Worrell is among those who have been waiting years to apply. He has Type 2 diabetes, one of the illnesses linked to Agent Orange.

Those monthly disability payments would be a welcome boost to the Social Security checks he relies on, he said. And even more importantly to him, he said, is that the law corrects a longtime mistake the government made in not properly compensating blue water veterans.

“The bean counters were against this,” he said. “They were more concerned about money than the effect on guys who served their country. I’m disappointed that it’s taken this long. But I’m happy we’re finally getting there.”

Steve Pradon, 72, of Spring Township, who served 32 years in the Navy and Naval Reserves, was aboard the destroyer USS Basilone in the Gulf of Tonkin in 1972. His ship got within about a half-mile of the coast while providing gunfire support, which was near enough to see the damage Agent Orange did to trees, and for the toxin to reach the sailors through the air and water, he said.

Depending on which way the wind blew, there were days when the sailors could see a mist they believed to be the defoliant.

“With the prevailing westerlies (winds) off the coast, we absolutely came in contact with it,” he said. “You didn’t have to be on land to have put yourself in jeopardy.”

Five years ago Pradon was diagnosed with stage 3 Parkinson’s disease, which he thinks was caused by Agent Orange exposure. He now plans to file a VA claim, saying the disability pay would help his family financially, and also serve as a validation for the sacrifices he and other blue water veterans made.

“It’s the right thing to do for people who got these diseases, no matter what color water we were in,” he said.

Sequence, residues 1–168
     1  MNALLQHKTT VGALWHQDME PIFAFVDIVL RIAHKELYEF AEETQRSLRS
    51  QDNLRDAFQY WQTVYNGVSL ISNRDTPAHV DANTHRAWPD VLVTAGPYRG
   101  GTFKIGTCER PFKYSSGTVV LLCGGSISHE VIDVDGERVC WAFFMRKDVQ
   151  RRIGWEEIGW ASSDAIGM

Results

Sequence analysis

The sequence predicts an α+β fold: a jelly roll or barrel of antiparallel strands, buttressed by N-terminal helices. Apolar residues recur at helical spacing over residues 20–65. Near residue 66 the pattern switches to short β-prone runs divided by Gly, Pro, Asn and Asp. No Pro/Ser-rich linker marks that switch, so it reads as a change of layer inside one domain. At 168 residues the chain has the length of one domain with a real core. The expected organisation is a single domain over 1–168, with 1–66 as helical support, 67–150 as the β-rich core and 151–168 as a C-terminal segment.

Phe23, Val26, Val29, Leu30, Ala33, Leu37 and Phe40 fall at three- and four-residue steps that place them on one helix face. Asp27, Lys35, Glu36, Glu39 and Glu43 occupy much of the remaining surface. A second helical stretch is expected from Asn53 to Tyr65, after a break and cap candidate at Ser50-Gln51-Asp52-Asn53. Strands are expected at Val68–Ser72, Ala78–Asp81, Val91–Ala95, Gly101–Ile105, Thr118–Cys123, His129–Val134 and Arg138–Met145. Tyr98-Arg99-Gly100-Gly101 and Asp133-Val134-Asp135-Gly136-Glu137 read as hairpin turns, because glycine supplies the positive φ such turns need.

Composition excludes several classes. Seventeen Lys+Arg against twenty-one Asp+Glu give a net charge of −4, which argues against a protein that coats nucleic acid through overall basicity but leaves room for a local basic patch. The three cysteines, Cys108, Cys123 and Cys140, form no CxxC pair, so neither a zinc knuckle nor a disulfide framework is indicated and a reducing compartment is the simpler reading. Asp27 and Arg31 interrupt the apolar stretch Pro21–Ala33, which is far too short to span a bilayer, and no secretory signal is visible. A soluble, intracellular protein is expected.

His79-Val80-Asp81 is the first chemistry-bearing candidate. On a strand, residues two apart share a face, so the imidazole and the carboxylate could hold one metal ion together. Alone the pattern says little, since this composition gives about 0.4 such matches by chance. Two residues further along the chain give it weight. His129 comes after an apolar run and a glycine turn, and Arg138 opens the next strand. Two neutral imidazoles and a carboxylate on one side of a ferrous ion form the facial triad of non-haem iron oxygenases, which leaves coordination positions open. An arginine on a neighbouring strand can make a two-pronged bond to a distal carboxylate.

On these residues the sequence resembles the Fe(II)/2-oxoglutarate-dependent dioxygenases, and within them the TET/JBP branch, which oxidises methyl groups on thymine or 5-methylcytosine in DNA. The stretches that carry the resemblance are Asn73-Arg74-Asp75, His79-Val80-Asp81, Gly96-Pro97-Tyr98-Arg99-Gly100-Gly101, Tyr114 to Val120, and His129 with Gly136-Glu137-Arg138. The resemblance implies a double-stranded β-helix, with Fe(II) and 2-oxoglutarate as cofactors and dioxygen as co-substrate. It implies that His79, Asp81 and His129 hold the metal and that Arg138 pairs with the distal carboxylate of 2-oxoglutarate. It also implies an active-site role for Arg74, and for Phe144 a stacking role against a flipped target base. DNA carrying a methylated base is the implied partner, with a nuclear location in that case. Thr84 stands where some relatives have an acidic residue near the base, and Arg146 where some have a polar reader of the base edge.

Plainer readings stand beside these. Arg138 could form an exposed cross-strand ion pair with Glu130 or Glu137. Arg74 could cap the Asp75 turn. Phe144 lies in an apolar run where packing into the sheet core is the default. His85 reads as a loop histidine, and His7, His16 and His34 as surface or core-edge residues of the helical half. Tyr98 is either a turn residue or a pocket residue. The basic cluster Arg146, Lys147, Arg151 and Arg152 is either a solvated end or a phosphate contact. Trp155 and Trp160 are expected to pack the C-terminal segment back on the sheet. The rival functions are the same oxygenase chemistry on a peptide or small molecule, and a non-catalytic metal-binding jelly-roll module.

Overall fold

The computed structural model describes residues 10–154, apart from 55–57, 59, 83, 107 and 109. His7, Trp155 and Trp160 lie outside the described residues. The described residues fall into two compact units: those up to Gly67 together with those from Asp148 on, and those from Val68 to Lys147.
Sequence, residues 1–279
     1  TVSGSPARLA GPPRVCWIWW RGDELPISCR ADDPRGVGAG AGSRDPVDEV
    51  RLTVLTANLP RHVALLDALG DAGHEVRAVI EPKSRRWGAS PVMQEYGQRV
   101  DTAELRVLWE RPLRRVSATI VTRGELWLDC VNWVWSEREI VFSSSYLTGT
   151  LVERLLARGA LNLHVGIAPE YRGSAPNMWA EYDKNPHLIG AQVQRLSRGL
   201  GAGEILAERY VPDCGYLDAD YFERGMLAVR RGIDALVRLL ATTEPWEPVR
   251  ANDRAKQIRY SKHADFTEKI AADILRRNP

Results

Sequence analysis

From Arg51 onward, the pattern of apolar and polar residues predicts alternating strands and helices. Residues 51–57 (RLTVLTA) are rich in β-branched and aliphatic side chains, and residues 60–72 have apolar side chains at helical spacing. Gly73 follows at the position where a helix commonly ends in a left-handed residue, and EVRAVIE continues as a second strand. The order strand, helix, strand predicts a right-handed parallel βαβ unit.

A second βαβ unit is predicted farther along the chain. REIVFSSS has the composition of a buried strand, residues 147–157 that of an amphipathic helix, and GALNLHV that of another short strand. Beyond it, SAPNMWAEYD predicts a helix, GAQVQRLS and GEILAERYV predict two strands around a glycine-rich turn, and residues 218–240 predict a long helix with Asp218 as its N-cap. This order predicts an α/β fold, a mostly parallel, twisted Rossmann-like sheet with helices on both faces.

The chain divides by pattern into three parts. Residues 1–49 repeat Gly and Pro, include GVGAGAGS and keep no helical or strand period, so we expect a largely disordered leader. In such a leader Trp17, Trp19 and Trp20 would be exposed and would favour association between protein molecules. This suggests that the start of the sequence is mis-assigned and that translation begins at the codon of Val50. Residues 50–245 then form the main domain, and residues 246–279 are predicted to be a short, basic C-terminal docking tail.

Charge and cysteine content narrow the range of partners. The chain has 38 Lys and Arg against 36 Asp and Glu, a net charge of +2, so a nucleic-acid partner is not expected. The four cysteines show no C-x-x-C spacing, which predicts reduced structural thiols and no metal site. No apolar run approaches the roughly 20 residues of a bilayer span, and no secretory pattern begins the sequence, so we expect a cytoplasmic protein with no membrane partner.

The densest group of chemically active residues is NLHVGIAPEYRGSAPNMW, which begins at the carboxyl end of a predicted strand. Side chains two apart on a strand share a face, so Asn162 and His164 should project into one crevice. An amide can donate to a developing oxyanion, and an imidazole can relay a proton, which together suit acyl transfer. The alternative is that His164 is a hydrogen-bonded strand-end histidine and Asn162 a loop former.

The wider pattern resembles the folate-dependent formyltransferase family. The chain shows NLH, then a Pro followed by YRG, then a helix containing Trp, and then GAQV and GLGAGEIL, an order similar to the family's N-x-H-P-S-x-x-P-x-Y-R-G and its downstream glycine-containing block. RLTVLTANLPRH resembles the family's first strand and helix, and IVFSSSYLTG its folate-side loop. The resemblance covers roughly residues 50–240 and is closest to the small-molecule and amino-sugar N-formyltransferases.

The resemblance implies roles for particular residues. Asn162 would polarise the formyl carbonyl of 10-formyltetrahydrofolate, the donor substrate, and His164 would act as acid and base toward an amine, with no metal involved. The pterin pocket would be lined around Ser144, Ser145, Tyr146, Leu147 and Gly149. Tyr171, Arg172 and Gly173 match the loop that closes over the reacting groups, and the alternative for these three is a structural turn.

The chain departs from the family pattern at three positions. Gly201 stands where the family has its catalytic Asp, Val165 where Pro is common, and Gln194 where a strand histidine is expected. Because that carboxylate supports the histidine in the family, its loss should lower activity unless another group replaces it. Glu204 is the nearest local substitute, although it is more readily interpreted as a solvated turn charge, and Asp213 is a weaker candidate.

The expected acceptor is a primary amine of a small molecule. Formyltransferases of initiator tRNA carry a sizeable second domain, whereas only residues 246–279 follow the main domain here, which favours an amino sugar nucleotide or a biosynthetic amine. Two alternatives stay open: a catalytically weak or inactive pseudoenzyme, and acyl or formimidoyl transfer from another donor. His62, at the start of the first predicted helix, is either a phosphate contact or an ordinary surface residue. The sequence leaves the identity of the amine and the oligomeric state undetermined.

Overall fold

Berks County Veterans Director Dale G. Derr encouraged blue water veterans with health issues they consider to be caused by Agent Orange exposure to make appointments with his office’s veterans service officers to develop claims, even if they’ve been denied benefits in the past.

“We want every one of them to come in for a consultation,” he said.

Widows and widowers of deceased veterans can also claim on their behalf accrued benefits up until the veteran’s death for health conditions related to Agent Orange, he said.

Though the legislation’s limit of 12 nautical miles will include many blue water vets, some who served on aircraft carriers outside that range but still believe they came in contact with Agent Orange feel they are again being excluded, Derr said.

Derr urged all Vietnam veterans to contact the environmental exposures clinic at any of the four regional VA medical centers to enroll in the federal Agent Orange Registry, which could give them access to health care advancements related to the toxin.

For years Yates, the Blue Water Navy Association Commander, has struggled to pay medical bills related to his prostate cancer, another condition connected to Agent Orange.

“I was going to the VA for some of my health care and the balance of my co-pays got up over $2,000,” said Yates, who lives in Las Vegas. When he didn’t pay fast enough, the VA garnished his Social Security checks, and he had to go back to work to cover his medical bills, he said.

He knows other blue water veterans who have had similar problems, and whom he hopes will now receive the compensation they deserve.

Wells wants the same, and vows to fight so there are no further delays.

“These veterans have waited long enough,” he said.